I couldn’t believe it. I. COULD. NOT. BELIEVE. IT!
The crinkle of her wrapper, the blatant slurping of her straw as she waltzed over to the garbage can. The thunk of her insubordination drumming the bottom of the metal can.
THE NERVE! Right there, out in the open, for everyone to see.
She was eating in the library!
It offended my legalistic tendencies. It just did.
Now, you might be laughing, or raising scornful eyebrows, but I was miffed.
I was miffed because there are rules. There are rules set in place that people are not supposed to break and they are for the good of (in this case) books, or (in most other cases) people.
And I judged. I admit it. I judged this young woman for her blatant transgression.
I judged her because it was something I would never do.
I judged her because I was sitting right there, not eating in the library, even though I had a perfectly good, just recently rediscovered granola bar that had lived in the inner pocket of my bag for who knows how long.
And I WASN’T EATING IT!
Because there are rules.
And I wasn’t breaking them, which means they are good rules.
And I wasn’t breaking them, which means I am a good person.
It hurts to write as much as it hurts to read. But it’s honest.
So many times I focus on what people are doing wrong in their Christian faith. When they cross lines I wouldn’t cross, say things I wouldn’t say, judge others (whoops, that’s me).
I look at them and am glad that I know the rules. Glad that their struggles aren’t mine and why don’t they just stop already!
What a messed up viewpoint of life. This idea that the rules others break aren’t as bad as the rules I break. That my sins aren’t as bad. That as long as I know the rules and abide by the really important ones my life is a more shining example of what must please God.
It’s an easy path to slip into. Where the focus shifts from God to the mountains we’re prepared to die on.
How do we view this life we’re living, this life that we try so hard to make look like God but which slips into a shining example of our own virtue?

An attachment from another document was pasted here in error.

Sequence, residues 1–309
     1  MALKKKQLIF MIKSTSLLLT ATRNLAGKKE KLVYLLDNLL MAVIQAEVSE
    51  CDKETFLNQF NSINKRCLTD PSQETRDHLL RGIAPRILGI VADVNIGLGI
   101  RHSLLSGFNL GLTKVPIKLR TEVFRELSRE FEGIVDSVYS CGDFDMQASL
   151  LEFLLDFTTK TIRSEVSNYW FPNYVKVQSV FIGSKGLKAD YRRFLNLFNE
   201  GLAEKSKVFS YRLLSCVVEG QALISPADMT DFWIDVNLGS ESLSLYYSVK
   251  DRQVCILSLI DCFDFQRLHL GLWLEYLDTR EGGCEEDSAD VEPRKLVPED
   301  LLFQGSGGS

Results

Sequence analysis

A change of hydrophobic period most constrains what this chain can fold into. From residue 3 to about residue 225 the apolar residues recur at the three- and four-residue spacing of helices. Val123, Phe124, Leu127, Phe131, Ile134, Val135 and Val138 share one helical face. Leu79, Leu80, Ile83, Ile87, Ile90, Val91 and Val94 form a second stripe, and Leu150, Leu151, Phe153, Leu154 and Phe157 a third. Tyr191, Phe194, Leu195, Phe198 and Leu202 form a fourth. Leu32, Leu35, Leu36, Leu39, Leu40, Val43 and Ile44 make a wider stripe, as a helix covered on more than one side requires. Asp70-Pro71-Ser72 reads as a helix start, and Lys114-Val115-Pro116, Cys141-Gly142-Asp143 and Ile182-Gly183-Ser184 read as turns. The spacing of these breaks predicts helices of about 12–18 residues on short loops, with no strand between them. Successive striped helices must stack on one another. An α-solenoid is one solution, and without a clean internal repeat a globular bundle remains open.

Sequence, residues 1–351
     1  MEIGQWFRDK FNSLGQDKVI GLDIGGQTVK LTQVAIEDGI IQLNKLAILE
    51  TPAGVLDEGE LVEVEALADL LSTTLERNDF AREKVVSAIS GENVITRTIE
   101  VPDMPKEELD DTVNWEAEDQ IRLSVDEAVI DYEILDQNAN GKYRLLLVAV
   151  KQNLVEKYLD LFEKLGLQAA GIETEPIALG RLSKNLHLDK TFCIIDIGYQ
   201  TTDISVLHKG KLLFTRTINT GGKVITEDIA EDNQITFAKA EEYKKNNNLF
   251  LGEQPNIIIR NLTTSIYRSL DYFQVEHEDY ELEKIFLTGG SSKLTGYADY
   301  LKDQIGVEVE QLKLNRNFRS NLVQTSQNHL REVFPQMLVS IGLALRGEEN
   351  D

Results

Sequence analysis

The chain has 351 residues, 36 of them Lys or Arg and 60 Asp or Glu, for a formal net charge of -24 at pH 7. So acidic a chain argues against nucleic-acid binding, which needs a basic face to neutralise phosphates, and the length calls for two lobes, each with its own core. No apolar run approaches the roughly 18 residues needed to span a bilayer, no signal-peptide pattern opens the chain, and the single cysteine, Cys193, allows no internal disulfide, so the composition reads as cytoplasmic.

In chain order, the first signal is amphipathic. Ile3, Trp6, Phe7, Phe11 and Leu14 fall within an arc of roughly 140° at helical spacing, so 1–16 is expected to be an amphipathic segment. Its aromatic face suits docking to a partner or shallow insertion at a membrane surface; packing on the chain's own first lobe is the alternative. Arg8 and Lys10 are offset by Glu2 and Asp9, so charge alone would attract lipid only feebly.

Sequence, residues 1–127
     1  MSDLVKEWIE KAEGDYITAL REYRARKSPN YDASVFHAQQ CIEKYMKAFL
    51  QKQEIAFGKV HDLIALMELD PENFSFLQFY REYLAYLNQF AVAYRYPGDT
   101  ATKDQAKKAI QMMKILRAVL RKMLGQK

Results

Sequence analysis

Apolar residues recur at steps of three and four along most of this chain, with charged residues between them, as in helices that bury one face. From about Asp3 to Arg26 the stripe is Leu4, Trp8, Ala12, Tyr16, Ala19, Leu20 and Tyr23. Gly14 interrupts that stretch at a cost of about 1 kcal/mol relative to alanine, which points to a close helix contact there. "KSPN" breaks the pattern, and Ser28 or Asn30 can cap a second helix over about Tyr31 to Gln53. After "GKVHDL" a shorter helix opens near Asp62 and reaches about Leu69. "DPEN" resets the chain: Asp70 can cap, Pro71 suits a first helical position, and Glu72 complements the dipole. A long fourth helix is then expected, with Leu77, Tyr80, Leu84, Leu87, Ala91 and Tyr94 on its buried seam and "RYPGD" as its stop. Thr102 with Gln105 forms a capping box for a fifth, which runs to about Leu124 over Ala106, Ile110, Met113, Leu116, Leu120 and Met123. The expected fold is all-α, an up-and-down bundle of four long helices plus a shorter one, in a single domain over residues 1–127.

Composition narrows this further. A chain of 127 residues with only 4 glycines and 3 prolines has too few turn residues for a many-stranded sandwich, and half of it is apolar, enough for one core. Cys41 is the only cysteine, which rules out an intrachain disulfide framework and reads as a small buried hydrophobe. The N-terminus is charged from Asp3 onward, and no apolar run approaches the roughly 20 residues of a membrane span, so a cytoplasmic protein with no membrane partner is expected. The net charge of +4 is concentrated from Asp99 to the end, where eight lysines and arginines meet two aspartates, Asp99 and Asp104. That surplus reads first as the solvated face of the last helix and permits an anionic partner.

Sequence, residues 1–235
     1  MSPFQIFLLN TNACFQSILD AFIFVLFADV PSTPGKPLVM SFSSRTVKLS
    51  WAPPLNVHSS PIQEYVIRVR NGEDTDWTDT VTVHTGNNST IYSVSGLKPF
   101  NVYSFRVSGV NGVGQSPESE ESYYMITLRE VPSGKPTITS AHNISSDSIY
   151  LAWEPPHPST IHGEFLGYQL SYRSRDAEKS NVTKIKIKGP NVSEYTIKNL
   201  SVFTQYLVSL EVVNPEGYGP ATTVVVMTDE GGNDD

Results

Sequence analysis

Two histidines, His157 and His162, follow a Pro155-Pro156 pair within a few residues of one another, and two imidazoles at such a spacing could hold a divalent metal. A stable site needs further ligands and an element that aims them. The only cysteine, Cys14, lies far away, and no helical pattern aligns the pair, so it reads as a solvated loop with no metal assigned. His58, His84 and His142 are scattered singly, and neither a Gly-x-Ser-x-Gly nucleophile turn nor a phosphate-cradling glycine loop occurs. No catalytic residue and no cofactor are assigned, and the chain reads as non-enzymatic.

And how do we view the source of our strength in this life? The strength of our own convictions, our own accomplishments, our own framework of acceptability that can morph into something that doesn’t look like Christ at all?
When we look with a judgemental eye at our spouse, children, friends, church family members because they aren’t living within our acceptable framework of behaviour.
When we are tied in the knots of our own inability to accept the gentle nudge of new interpretation.
When we would rather shelter ourselves rather than go out into all the world and make Christ known because we are too afraid or angry to see the variance of what a Christ-following life looks like.
When we love the rules more than the One who should rule our lives with his grace and mercy.
“I suspect you would never intend this, but this is what happens. When you attempt to live by your own religious plans and projects, you are cut off from Christ, you fall out of grace. Meanwhile we expectantly wait for a satisfying relationship with the Spirit. For in Christ, neither our most conscientious religion nor disregard of religion amounts to anything. What matters is something far more interior: faith expressed in love” Galatians 5:4-6 MSG
Sometimes I get caught up in the idea that it is more important to be good than to be loving.
Forgetting that by showing mercy and grace I best represent the Jesus who died for my sins, the acknowledged and hidden.
I show less grace when I forget how much I’ve needed grace. And I am rigid rather than merciful if I turn a blind eye to my own sin and the broken rules I justify.
When I look at Christ and what he has done for me, the mercy he showed to the rule keepers and rule breakers of the Bible, I can let go. Let go of the need to police others. Let go of the idea that my own journey is based on rules rather than continual repentance.
Knowing that when I do fall, when I judge others, he shows grace to me beyond what I can imagine.
Upon this grace I can confidently, like the woman in the library, dump my spiritual garbage, knowing that God desires my loving response, not my legalistic rules.